People seem to be forgetting that the roads under consideration are ALREADY bike lanes. this proposal does not suggest building more bike lanes or really spending any more money. All it asks is that administration find a way to get cars out of the existing bike lanes so that they can be used for what they were intended for.

And yes, part of that should include extra enforcement of the traffic rules, for BOTH bikes and cars to keep EVERYONE safe.

I’ve also noticed that people see what they want to see. I see bikes because I use a bike. You who don’t ride don’t see bikes to count the numbers because you aren’t using them.

“You who don’t ride don’t see bikes to count the numbers because you aren’t using them.”

That is a statement without any significant foundation. Other than youth, most people who ride bikes also drive cars whether only on occasion or most of the time when they travel from one place to the other. That means that those bike riders who also have a driver’s licence, whether they do it for exercise or use it to be green and save gasoline, or simply ride short distances because it is quicker if they just need to pick up a loaf of bread at the corner grocery store are both aware of the challenges of riding bikes as well as the challenges of driving a car. In both cases it is incumbent of the driver of the automobile as well as the rider of the bicycle to be aware of the traffic around them, including pedestrians, and those on scooters for the disabled as well as cars and bikes exiting from a private driveway and entering the traffic route.

To suggest that drivers who are driving as they should do not have any concept of how many people are riding bicycles is preposterous. In fact, in driving along streets in this community for a 15 minute period to drive 10 km at a speed greater than bicyclists, I will see a better slice of the number of bikers along that route than I would if I was biking the same route, taking 3 to 4 times as long and primarily because I would be travelling at similar speeds as the bikers along the same path.

There are so many issues facing our City! THIS is the one that Merrick wants to focus on??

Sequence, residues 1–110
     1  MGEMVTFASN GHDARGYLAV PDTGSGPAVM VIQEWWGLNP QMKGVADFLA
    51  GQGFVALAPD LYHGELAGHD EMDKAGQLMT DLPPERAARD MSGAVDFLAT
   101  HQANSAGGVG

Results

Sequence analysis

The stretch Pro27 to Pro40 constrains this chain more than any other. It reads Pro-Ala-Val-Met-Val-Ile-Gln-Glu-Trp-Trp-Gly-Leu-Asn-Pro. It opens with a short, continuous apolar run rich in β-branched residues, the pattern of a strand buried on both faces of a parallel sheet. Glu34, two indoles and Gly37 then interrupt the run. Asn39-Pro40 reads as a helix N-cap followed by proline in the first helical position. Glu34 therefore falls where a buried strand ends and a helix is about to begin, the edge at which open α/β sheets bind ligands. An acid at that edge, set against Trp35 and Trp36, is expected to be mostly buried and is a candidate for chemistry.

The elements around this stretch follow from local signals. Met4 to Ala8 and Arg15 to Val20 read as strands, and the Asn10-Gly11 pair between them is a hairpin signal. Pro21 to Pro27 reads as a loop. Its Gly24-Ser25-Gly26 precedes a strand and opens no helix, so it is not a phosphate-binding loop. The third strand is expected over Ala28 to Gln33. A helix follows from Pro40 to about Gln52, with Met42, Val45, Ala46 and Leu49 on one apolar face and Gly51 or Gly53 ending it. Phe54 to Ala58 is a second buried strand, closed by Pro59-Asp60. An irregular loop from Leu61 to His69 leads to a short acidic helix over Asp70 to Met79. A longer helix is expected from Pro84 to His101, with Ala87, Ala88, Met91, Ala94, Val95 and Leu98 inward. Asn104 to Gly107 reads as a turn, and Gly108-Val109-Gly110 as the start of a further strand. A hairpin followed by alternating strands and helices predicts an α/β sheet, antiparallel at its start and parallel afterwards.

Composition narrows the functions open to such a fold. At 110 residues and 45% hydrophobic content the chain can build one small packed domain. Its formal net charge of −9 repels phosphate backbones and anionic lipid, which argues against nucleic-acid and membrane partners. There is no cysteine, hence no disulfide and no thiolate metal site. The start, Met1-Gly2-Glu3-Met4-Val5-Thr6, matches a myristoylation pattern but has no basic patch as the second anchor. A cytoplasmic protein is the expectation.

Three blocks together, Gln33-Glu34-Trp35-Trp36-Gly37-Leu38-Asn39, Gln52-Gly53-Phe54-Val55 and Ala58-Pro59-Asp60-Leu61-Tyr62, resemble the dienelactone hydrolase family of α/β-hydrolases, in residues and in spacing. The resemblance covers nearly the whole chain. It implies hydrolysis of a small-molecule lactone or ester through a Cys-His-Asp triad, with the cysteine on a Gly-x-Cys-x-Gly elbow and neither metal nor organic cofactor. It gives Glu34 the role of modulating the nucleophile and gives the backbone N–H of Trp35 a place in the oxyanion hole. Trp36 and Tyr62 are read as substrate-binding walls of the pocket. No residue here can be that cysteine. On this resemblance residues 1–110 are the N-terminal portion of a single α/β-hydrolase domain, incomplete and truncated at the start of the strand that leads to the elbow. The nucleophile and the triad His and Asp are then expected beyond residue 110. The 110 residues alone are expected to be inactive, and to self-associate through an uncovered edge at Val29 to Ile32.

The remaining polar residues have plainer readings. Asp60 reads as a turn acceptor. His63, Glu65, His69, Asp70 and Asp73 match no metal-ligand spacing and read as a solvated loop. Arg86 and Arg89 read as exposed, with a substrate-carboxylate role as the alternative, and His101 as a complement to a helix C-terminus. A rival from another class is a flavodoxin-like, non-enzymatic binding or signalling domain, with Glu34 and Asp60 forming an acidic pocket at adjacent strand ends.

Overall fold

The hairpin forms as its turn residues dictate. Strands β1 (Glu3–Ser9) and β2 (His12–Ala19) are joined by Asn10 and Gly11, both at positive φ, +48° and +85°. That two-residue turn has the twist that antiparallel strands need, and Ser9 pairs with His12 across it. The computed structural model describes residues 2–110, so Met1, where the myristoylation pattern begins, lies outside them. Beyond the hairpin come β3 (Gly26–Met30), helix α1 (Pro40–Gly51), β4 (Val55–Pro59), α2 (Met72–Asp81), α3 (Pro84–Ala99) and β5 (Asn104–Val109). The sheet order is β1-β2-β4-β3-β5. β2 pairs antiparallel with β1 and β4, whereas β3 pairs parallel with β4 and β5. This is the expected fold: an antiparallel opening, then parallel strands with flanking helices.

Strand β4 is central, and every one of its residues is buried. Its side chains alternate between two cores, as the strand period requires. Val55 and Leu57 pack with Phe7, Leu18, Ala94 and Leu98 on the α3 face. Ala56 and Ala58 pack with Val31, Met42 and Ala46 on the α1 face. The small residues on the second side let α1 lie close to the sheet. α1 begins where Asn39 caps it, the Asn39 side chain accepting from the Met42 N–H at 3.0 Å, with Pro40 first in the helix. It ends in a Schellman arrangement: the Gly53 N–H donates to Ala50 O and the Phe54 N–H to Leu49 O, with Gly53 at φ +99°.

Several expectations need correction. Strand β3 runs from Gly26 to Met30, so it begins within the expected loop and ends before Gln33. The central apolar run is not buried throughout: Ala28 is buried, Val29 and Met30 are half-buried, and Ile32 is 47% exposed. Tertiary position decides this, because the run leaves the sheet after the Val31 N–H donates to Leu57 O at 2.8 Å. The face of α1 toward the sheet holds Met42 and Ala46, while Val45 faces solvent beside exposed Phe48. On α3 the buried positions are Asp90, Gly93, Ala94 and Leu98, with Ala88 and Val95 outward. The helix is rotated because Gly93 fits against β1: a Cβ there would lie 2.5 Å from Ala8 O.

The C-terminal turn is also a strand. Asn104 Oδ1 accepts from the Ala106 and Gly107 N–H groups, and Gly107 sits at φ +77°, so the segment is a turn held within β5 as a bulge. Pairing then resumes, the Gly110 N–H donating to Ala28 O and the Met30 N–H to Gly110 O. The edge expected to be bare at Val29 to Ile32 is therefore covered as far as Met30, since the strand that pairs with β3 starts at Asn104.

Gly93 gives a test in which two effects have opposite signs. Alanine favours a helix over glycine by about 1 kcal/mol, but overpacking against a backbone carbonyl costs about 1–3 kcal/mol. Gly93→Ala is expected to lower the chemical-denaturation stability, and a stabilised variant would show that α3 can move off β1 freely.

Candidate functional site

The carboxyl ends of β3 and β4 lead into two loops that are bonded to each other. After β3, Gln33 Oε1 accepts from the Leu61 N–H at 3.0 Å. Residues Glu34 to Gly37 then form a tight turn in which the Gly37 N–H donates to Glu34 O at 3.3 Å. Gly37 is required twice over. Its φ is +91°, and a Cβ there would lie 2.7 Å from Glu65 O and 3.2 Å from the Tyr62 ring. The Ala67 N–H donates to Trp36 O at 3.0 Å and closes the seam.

I knew there was a reason that I would never vote for her!

We have absolutely no data which is based on one or more of the accepted methods of counting bike traffic. Instead, people are arguing based on anecdotal data which is totally biased because that is human nature.

I am looking at reliable data. That should be the first step in any traffic engineering report. Planning bike lanes should not be handled differently than motorized vehicle traffic lanes when it comes to planning routes, route widths, surface materials, traffic control devices, etc.

It is simply poor planning.

BTW, the original arterial roads built west of the bypass in the late 1960 and early 1970 were built to the width they were built to ensure that other uses such parking, stopping to let people off, bus stops, car break down, etc. to allow free flow of traffic on the 4 lane roads. Bicycling was not on the minds of people in Prince George, nor was it on the minds of people in Vancouver at the time, nor any other major city in Canada and the USA.

If we want bike lanes, we need to seriously look at not diminishing the best practices functionality of motorized travel lanes. Best practices bike lanes are physically separated from motorized travel lanes by more than a painted line, especially one which is not visible in the winter.

I continue to scratch my head that the safe, separated pathway built just a few years ago was not built to meet the 2011 active transportation plan to accommodate both pedestrians and bicyclists moving in both directions. The width in no way meets the required width for that. To make matters worse, they added a couple of feet of width to the repaving of Tyner for a substandard bike lane on a route which has a 70km speed limit for a significant distance. As it reaches the first subdivision entrance the shoulder stays the same width as it was originally, thus forcing bike riders into traffic without any signage to notify both drivers and riders of that fact.

The entire bike lane routes need to be examined for best standards, minimum standard, and unsafe for both bike riders and drivers of cars and trucks.

No parking on bike lanes period. Why even have them otherwise?

Merrick has no car… Musta recently bought a bike, hence her Mission to get more bike lanes.. Maybe she should learn how to ride a bike first

She campaigned on these stuff. She is keeping her campaign promises. We should b thanksful to have a councillor who actually does something.

Why the hate for making something useable for what it was designed for?

How many people do we have in Prince George that would use the bike lanes? This is not Vancouver, I think this is much ado about nothing.

Maybe Krause can rename “bike lanes”? Help him out folks with a name.

Didn’t I read somewhere she is a past president of the cycling club?

So she brought a personal bias and agenda to council and so far is the squeakiest wheel.

Regarding the cycling lane thing. I went down to the fair when it was here. Both the CN Center paved lot and the dirt lot were full, with miles of cars parked on Ospika both directions. If she gets her way, where are all those cars going to park next time a big event overflows the lots?

What about Rainbow park? They going to build a parking lot for it? Cuz it’s surrounded by bike lanes.

Is that little grant going to cover the $ million + dollar cost for a parking lot at Rainbow? Or are wedding parties supposed to taxi and bike down there for pictures?

What about othere events there?